I reacted to the movie’s Fire Nation the way most people I know did: Of course the villains are the only non-whitewashed nation and they’re Indian, Shyamalan must have some weird self-hate complex and/or this was the only way he could get people of color in the movie at all. The idea that the movie is a product of a Fire Nation apologist engaging in cultural appropriation… well, it still sits oddly in the head. I think I’d have to watch the movie again, carefully, to evaluate Jin’s arguments properly, and I do not care to do that. But Jin appears to have watched the movie pretty carefully to develop her (?) arguments, and Jin has an impressive eye for visual detail. So I commend the f-you-shyamalan posts to anyone with an interest in the A:TLA mythos.
The LA REVIEW OF BOOKS interviews Norman Spinrad. I keep picking up his stuff at used book sales, but I’ve only read BUG JACK BARRON and his ebook, QUARANTINE. This makes me want to hunt up THE IRON DREAM.
It’s fun to read about the publishing business, even if (especially because?) there’s some sniping involved, and although you are perhaps not strictly obliged to respect the cojones of a dude who claims THE MOON IS A HARSH MISTRESS hasn’t “had quite the legs of BUG JACK BARRON,” you could at least see where that might come from.
All the articles in SLATE’s Longform Guide to Takedowns are worth reading, but two stand out. I think their common strength is in using good writing, and insight trained by writing, to anatomize the failings (and, in a sense, the workings) of bad writing. It may help that their targets really are fish in barrels—or, perhaps more likely, that their targets come off as fish in barrels may testify to the pungency with which Taibbi and Morozov make their cases.
The significance of Columbus’s discovery was that on a round earth, humanity is more interconnected than on a flat one. On a round earth, the two most distant points are closer together than they are on a flat earth. But Friedman is going to spend the next 470 pages turning the “flat world” into a metaphor for global interconnectedness. Furthermore, he is specifically going to use the word round to describe the old, geographically isolated, unconnected world.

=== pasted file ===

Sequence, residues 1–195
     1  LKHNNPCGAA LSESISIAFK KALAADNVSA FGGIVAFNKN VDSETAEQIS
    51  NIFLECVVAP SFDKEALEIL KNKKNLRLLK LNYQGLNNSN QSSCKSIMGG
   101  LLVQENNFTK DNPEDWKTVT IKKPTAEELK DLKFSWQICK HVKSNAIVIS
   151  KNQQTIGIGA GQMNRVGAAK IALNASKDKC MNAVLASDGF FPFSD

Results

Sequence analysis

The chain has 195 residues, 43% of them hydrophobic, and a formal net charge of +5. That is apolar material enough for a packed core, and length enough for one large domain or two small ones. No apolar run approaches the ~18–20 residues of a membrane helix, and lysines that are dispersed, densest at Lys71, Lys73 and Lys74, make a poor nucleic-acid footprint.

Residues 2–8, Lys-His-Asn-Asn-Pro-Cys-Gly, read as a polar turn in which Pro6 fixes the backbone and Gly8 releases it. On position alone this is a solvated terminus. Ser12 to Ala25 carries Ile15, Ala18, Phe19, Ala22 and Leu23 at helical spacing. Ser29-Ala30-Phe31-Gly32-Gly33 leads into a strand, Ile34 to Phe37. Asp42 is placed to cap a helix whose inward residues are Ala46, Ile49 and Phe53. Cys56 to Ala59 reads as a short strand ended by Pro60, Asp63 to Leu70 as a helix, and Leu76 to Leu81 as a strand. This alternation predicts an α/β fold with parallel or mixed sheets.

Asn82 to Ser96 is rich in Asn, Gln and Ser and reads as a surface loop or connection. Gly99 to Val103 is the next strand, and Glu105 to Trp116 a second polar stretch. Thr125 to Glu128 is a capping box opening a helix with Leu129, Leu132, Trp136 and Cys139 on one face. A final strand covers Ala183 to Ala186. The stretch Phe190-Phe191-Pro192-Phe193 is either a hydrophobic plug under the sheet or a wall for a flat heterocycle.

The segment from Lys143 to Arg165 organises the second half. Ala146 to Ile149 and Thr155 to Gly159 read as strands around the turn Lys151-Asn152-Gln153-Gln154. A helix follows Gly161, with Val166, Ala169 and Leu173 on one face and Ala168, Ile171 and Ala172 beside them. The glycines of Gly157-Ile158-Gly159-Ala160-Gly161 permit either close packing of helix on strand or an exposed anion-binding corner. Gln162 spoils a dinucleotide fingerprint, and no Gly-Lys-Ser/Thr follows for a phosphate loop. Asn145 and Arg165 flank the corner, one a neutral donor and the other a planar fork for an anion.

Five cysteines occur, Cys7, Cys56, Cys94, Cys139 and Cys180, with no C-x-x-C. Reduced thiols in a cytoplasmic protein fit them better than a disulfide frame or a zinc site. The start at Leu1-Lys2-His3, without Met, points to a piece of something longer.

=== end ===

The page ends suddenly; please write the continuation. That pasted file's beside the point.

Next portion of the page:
“Let me… share with you some of the encounters that led me to conclude that the world is no longer round,” he says. He will literally travel backward in time, against the current of human knowledge.
Today TED is an insatiable kingpin of international meme laundering—a place where ideas, regardless of their quality, go to seek celebrity, to live in the form of videos, tweets, and now e-books. In the world of TED—or, to use their argot, in the TED “ecosystem”—books become talks, talks become memes, memes become projects, projects become talks, talks become books—and so it goes ad infinitum in the sizzling Stakhanovite cycle of memetics, until any shade of depth or nuance disappears into the virtual void. Richard Dawkins, the father of memetics, should be very proud. Perhaps he can explain how “ideas worth spreading” become “ideas no footnotes can support.”
“Insatiable kingpin of international meme laundering.” I’ll have lunch with Evgeny Morozov any time.
I skim or skip most posts from the FOREIGN POLICY WEEKLY blog, but every so often they produce something really indispensable: